Omohundro Institute of Early American History & Culture

Uncommon Sense—the blog

Author Archive

Global Knowledge, Eighteenth-Century Style

· June 3rd, 2020 · No Comments

In this post, WMQ author Tamara Plakins Thornton recounts how she came to understand eighteenth-century globes and how that changed the way she needed them illustrated for her article in the April 2020 issue.  Through September 30, you can read this article for free on the OI Reader. We will close the beta period of… Read More »

A (no pressure!) intro to online writing groups

· May 7th, 2020 · No Comments

By Vineeta Singh Aren’t you sick of everyone telling you how you should be working right now? We are in a pandemic and research productivity isn’t exactly top-of-mind for everyone right now. And I’m not here to argue that it should be. If you are working through your relationship with research productivity right now, I… Read More »

Advisories Versus Executive Orders

· April 21st, 2020 · No Comments

By Liz Covart In late March and early April, state and municipal governments across the United States issued orders for residents to “stay at home” to combat the covid-19 pandemic. As of April 16, 2020, forty-two states, three counties, nine cities, Puerto Rico, and the District of Columbia had ordered residents to close physical locations… Read More »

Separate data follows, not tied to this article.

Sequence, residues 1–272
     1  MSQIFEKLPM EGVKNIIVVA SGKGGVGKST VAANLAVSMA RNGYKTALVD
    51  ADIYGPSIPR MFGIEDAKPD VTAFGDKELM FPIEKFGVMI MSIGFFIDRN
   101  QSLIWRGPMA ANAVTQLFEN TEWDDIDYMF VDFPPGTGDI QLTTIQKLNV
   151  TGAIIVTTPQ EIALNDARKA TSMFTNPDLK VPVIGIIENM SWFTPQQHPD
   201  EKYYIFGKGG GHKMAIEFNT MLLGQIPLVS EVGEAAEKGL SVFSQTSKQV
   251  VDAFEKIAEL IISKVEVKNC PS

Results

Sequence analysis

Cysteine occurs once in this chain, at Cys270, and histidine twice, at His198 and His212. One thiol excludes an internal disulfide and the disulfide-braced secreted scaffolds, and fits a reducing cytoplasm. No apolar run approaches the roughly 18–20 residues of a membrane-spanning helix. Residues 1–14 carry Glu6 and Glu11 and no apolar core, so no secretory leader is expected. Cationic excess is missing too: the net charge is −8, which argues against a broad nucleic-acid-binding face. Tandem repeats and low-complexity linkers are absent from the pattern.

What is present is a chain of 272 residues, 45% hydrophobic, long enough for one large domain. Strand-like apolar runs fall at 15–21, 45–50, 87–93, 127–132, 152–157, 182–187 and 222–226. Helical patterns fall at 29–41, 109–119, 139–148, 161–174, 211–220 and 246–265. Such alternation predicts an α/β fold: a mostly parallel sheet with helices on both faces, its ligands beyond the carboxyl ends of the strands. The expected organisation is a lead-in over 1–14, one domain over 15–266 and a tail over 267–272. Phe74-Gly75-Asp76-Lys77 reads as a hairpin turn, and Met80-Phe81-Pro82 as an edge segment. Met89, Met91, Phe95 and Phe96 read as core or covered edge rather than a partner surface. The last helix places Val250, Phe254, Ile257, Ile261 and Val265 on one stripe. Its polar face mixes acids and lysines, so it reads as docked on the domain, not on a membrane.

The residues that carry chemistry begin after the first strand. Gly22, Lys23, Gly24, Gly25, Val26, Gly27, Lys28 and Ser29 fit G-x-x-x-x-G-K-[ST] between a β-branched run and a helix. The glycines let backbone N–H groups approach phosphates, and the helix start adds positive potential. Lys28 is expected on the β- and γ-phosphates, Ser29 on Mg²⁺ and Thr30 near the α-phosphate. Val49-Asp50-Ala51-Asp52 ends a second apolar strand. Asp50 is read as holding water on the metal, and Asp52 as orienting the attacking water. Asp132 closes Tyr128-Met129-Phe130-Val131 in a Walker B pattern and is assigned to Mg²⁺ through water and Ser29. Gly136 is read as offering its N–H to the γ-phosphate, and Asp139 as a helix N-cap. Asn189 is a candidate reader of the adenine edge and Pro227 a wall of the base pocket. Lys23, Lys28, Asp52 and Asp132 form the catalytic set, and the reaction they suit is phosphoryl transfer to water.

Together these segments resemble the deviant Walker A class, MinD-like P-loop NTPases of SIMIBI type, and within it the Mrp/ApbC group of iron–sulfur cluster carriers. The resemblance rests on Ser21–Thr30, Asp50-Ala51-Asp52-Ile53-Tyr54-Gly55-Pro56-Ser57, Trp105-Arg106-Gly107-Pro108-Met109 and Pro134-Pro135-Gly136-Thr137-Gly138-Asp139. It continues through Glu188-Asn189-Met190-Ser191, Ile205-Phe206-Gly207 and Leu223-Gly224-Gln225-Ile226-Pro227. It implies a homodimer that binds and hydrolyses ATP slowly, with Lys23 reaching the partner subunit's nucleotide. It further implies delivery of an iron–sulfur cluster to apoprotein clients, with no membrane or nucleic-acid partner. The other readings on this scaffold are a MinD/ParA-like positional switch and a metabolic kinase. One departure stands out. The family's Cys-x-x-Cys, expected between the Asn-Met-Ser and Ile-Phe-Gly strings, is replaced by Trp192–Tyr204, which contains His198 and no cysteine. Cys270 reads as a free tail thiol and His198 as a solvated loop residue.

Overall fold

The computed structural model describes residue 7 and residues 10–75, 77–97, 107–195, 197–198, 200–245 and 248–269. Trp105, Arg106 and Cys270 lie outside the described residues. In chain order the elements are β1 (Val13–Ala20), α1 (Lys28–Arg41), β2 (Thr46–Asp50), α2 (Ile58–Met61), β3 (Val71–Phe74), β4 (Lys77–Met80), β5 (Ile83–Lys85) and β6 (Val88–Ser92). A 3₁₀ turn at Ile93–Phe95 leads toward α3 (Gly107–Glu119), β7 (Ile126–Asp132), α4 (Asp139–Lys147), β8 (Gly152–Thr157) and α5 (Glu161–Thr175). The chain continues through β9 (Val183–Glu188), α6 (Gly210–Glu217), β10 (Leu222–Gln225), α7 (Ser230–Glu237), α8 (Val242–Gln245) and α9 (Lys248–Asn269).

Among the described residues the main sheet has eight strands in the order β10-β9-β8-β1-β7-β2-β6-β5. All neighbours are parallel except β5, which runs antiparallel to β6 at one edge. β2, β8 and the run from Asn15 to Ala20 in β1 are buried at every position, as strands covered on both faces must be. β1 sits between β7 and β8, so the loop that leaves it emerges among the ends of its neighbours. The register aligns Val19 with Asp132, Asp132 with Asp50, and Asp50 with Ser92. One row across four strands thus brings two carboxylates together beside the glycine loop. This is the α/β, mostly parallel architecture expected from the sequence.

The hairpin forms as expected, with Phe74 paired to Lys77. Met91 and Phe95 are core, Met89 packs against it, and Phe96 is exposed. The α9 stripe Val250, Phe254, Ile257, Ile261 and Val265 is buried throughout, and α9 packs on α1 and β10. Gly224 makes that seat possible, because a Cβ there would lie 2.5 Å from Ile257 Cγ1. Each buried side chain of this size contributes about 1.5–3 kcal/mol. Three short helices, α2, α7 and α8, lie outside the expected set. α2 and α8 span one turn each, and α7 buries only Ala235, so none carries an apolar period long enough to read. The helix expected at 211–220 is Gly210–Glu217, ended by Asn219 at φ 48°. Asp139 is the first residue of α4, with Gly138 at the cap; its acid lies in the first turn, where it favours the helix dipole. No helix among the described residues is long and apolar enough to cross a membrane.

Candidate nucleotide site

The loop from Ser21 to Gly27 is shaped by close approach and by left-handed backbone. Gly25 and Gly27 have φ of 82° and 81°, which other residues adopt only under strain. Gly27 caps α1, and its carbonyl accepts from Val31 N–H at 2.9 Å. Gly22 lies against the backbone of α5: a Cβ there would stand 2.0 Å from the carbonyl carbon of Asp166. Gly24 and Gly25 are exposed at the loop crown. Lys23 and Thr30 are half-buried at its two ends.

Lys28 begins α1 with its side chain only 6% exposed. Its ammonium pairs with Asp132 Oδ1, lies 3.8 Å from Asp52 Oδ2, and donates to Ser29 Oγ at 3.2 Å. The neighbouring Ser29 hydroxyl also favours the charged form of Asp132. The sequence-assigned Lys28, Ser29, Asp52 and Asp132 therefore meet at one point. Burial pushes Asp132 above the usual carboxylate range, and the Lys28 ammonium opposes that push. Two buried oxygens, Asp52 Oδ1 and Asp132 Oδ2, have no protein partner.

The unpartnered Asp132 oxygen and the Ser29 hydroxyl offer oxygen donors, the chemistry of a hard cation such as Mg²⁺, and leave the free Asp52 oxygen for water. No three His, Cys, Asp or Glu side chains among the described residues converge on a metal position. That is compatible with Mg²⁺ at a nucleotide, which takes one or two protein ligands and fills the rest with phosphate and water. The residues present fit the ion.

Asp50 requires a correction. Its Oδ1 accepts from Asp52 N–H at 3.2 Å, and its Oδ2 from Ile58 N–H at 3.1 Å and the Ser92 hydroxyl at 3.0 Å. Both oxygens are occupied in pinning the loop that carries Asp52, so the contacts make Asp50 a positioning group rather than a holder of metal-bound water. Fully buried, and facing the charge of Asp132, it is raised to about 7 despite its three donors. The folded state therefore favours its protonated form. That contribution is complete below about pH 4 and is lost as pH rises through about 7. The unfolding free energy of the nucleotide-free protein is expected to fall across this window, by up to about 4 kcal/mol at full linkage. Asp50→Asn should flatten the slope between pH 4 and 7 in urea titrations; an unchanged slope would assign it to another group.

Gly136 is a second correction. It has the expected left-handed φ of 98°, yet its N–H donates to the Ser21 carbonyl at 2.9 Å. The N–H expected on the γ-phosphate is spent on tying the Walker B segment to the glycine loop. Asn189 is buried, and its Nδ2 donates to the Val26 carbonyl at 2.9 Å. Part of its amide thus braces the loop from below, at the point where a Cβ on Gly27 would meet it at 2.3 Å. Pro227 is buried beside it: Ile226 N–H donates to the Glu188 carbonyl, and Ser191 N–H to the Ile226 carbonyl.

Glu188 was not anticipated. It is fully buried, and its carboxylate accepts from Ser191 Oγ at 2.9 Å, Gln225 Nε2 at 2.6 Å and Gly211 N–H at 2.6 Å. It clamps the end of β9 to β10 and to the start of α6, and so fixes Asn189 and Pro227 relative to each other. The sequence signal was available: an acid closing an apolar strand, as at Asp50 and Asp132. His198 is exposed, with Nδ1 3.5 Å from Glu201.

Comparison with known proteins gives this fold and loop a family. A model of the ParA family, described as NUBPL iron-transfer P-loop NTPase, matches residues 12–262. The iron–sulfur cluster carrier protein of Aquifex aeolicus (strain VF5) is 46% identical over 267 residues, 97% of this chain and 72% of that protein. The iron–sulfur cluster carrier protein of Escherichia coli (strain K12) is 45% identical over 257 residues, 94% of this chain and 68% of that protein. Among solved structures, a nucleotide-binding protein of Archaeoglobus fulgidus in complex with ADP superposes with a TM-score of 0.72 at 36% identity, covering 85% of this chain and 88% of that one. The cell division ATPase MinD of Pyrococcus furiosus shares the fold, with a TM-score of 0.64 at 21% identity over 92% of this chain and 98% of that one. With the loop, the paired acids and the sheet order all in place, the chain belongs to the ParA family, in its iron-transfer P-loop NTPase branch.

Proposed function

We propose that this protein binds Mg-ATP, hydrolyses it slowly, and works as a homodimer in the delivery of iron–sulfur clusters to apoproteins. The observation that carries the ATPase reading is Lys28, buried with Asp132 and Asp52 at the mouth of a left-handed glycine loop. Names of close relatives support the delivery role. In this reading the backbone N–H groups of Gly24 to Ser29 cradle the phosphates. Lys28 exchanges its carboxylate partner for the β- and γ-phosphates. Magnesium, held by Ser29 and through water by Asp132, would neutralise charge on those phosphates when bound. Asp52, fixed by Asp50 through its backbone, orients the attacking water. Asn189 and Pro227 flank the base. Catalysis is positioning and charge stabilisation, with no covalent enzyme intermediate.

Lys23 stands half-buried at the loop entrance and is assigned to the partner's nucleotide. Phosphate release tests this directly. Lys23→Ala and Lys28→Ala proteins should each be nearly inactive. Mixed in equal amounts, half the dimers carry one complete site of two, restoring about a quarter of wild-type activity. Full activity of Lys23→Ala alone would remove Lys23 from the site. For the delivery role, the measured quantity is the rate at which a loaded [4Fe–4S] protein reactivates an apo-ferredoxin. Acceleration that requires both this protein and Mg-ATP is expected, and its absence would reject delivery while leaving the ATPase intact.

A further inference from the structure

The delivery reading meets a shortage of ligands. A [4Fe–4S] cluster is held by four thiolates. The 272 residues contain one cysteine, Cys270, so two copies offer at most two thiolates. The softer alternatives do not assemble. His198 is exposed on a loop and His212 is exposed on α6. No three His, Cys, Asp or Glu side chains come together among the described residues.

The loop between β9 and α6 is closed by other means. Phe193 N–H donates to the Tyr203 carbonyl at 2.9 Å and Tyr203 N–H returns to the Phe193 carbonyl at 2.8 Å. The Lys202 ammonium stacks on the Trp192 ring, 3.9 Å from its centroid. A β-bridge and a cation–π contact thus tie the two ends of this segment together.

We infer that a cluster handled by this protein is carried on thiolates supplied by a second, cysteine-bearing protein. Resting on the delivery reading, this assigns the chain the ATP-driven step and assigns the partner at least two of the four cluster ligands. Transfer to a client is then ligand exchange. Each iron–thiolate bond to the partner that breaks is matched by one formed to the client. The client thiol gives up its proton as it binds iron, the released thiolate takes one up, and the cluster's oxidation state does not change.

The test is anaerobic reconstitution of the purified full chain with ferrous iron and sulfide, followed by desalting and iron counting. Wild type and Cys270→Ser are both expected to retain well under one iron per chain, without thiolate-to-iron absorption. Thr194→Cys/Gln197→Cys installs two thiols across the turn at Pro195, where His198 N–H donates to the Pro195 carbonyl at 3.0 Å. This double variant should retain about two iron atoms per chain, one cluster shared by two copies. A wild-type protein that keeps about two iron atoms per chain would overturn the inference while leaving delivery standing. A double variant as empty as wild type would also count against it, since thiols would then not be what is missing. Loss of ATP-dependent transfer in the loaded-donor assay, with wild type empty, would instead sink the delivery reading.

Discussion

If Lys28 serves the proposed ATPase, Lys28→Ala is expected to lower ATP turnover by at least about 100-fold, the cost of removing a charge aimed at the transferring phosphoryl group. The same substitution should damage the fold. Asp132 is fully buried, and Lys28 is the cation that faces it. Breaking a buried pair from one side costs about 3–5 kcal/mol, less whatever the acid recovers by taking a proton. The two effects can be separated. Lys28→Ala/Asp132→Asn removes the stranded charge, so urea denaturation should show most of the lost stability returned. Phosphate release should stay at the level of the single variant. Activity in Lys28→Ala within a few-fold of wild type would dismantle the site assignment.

The OI and the NEL

· April 15th, 2020 · No Comments

Today the OI joins with its publishing partner for books, the University of North Carolina Press, in a limited agreement for our books to appear in the Internet Archive’s National Emergency Library.  We do this as a good faith effort to engage with the IA’s work and with the fervent hope that a greater commitment to… Read More »

· April 10th, 2020 · No Comments

We remain committed to our central mission of supporting scholars and scholarship of early America. During the pandemic, we are pivoting to focus on and increase our digital offerings. Please stay in touch and let us know how we might serve you during this difficult time. —The Omohundro Institute

Using Colonial Virginia Portraits

· April 2nd, 2020 · No Comments

Exploring a Visual Archive with Students by Janine Yorimoto Boldt While we are all in quarantine mode, many of us adjusting to online teaching and turning to digital resources like never before, it is a good time to explore Colonial Virginia Portraits, especially if you haven’t already. If you’re looking for a digital resource to… Read More »

Women Also Know Washington

· March 26th, 2020 · 1 Comment

By Lindsay Chervinsky In the preface to You Never Forget Your First: A Biography of George Washington, Alexis Coe emphasizes that she is the first woman in many decades to write a cradle-to-grave biography. A modern take on the Washington biography genre is certainly welcome—if there are thousands of books on Washington, the vast majority… Read More »